From her waist-length dreadlocks and vibrant African garments to her djembe drum and powerful dance moves, Omelika (pronounced O-may-lee-kah) Kuumba,C’81, is undeniably one of the most visible alumnae on the Spelman College campus. An African dance instructor in the Spelman College department of drama and dance since 1998, Kuumba is also the face and founding member of Giwayen Mata, a dynamic, show-stopping, all-female percussion ensemble.
For Kuumba, it’s all in a day’s work at her beloved alma mater. Dressed in a navy and maroon African wrapper with lace overlay and a yellow head tie, Kuumba is a striking, yet humble woman whose commitment to Spelman remains unwavering.
“For me, Spelman is hallowed ground,” said Kuumba, whose mother, grandmother, four great-aunts and several cousins attended Spelman. “My grandparents and parents met here, so Spelman will always hold a very special place in my heart. In so many ways, Spelman has been a blessing to me. I feel like I have to be a blessing as well.”
Born and raised Avis Bynum in Brooklyn, N.Y., Kuumba says she never intended to attend Spelman. Her heart was set on Howard University, but fate intervened. Theresa Chandler, a Spelman recruiter, spoke at a New York Spelman Alumnae Association event and made a presentation that ultimately changed Kuumba’s life.
“After she made that presentation, I was hooked,” she said, smiling at the thought. “She talked about the sisterhood, Spelman being a safe space for women, the camaraderie, and the empowering experiences of trailblazing women. It was really moving.”
It wasn’t long before Kuumba was immersed in the Spelman sisterhood experience. She became sophomore class president, vice president of the Spelman Student Government Association, Miss Maroon and White, and a member of Delta Sigma Theta sorority.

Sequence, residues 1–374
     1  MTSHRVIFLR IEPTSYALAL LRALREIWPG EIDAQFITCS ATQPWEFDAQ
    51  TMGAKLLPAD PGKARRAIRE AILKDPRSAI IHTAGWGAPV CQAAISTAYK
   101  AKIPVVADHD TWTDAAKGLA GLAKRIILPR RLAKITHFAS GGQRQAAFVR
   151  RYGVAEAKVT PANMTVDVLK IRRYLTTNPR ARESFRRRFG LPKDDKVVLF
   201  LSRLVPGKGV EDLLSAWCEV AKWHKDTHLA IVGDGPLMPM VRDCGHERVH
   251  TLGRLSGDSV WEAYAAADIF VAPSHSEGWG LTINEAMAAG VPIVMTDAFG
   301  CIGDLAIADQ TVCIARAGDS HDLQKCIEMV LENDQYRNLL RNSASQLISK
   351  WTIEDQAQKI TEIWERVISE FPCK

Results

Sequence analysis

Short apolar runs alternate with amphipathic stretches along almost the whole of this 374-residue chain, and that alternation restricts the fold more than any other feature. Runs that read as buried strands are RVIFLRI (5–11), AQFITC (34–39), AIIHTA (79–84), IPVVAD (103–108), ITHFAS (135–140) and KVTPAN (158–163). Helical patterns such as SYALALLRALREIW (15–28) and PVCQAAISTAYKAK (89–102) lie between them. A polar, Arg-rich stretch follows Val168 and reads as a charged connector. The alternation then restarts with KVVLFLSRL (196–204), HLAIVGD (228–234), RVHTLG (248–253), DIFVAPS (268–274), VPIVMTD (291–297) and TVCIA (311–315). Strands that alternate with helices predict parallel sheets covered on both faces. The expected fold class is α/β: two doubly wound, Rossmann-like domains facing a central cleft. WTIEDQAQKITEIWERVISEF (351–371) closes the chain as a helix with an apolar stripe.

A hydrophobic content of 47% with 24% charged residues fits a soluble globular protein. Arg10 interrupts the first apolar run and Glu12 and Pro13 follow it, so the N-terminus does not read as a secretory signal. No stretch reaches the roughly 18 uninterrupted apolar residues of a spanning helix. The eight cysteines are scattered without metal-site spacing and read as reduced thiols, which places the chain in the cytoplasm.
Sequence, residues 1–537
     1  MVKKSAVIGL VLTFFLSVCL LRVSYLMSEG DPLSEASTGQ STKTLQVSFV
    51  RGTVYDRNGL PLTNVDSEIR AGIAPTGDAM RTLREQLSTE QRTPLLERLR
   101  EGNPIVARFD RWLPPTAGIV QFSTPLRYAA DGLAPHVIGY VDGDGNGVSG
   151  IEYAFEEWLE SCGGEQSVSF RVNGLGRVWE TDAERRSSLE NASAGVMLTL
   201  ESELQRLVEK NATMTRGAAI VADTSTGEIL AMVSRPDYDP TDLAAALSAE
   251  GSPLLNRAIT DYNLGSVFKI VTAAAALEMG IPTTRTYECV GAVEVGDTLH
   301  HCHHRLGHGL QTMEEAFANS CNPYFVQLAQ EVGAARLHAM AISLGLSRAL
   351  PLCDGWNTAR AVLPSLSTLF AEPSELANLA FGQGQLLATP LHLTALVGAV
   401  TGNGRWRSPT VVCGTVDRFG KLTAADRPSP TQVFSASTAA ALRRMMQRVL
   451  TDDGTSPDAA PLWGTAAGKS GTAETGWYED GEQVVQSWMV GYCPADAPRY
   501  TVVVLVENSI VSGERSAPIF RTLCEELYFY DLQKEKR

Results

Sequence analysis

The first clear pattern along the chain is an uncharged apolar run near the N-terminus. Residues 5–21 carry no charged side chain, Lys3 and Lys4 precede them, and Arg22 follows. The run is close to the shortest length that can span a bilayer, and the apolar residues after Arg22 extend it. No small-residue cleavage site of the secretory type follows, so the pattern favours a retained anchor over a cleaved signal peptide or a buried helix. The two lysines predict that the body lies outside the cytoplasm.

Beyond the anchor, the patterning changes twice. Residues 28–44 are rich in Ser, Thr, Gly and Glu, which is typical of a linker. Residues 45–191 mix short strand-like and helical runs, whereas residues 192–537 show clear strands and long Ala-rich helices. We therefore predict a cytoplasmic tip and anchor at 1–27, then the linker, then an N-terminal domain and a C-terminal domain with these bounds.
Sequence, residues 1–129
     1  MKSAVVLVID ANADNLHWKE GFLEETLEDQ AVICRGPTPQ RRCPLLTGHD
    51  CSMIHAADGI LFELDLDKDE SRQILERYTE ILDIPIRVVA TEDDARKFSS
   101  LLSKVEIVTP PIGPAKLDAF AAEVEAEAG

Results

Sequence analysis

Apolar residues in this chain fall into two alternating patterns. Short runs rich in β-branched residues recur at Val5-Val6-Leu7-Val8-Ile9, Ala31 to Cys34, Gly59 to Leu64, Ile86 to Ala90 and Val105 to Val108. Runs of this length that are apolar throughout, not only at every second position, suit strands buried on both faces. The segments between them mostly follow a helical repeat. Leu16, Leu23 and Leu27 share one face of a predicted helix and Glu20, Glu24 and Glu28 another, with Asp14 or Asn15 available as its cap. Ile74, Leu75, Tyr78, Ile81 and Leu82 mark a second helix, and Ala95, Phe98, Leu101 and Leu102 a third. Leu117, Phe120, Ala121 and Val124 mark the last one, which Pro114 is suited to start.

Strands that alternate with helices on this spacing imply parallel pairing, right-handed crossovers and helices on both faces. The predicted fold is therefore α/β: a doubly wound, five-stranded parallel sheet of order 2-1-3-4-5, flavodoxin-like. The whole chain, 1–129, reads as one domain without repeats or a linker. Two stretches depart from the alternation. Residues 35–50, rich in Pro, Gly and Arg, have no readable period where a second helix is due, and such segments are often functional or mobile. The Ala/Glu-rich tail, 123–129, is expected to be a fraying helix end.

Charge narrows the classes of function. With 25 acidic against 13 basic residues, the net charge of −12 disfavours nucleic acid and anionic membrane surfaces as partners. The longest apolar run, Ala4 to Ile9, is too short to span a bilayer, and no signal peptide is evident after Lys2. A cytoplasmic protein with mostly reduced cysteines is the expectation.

Despite her involvement in campus life, Kuumba decided to take a year off to “find” herself. Returning to Spelman with a renewed commitment to seek out more meaning in life; she graduated with a degree in philosophy.
“I was questioning life and trying to decide what I really wanted to do,” said Kuumba, who originally planned to major in biology and become a veterinarian. To embrace her true self, she changed her name in 1983 to Omelika, which means “light and soul of the omnipresent mother” in Nigerian. “I entered Spelman thinking I was going to do one thing, but after a lot of prayer, tears and meditation, I found that being a veterinarian was not my calling. It wasn’t until I started dancing and drumming that I realized this is what I’m supposed to be doing. Now it’s my livelihood and a career.”
Kuumba’s journey to being a performance artist began in the early 1980s, following stints as a seamstress, singer and sales clerk. After starting a family, she began working as a school volunteer and later as a substitute teacher. Inspired by another mom who danced, she enrolled in a free, six-week dance class that ultimately led to an invitation to join Faiza Dance Theater, a local dance troupe, in 1990. Soon after, she became assistant artistic director with the Barefoot Ballet Children’s Dance Ensemble.
In 1993, Kuumba put the percussion skills she learned as a child to good use when she co-founded Giwayen Mata, a Nigerian term for “elephant women.” In 2005, she became the director of Ashietu dance ministry, the Sisters Chapel African dance ministry, and in 2008, she and Giwayen Mata members took to the national stage, wowing judges on the hit show, “America’s Got Talent.” The group made it through the first round of eliminations but withdrew from the competition because of a performance scheduling conflict.
“It’s been a blessed journey, and one that I don’t take for granted in any form or fashion,” said Kuumba, who’s also an adjunct ethnic dance instructor at Emory University. “At Spelman, I feel like I’m home. This has been a place of growth, and I’m grateful. I really, really give thanks. I hope my ancestors are pleased with what I’m doing here.” – Alicia Lurry is senior communications specialist and editor of the Spelman Connection for the Office of Communications.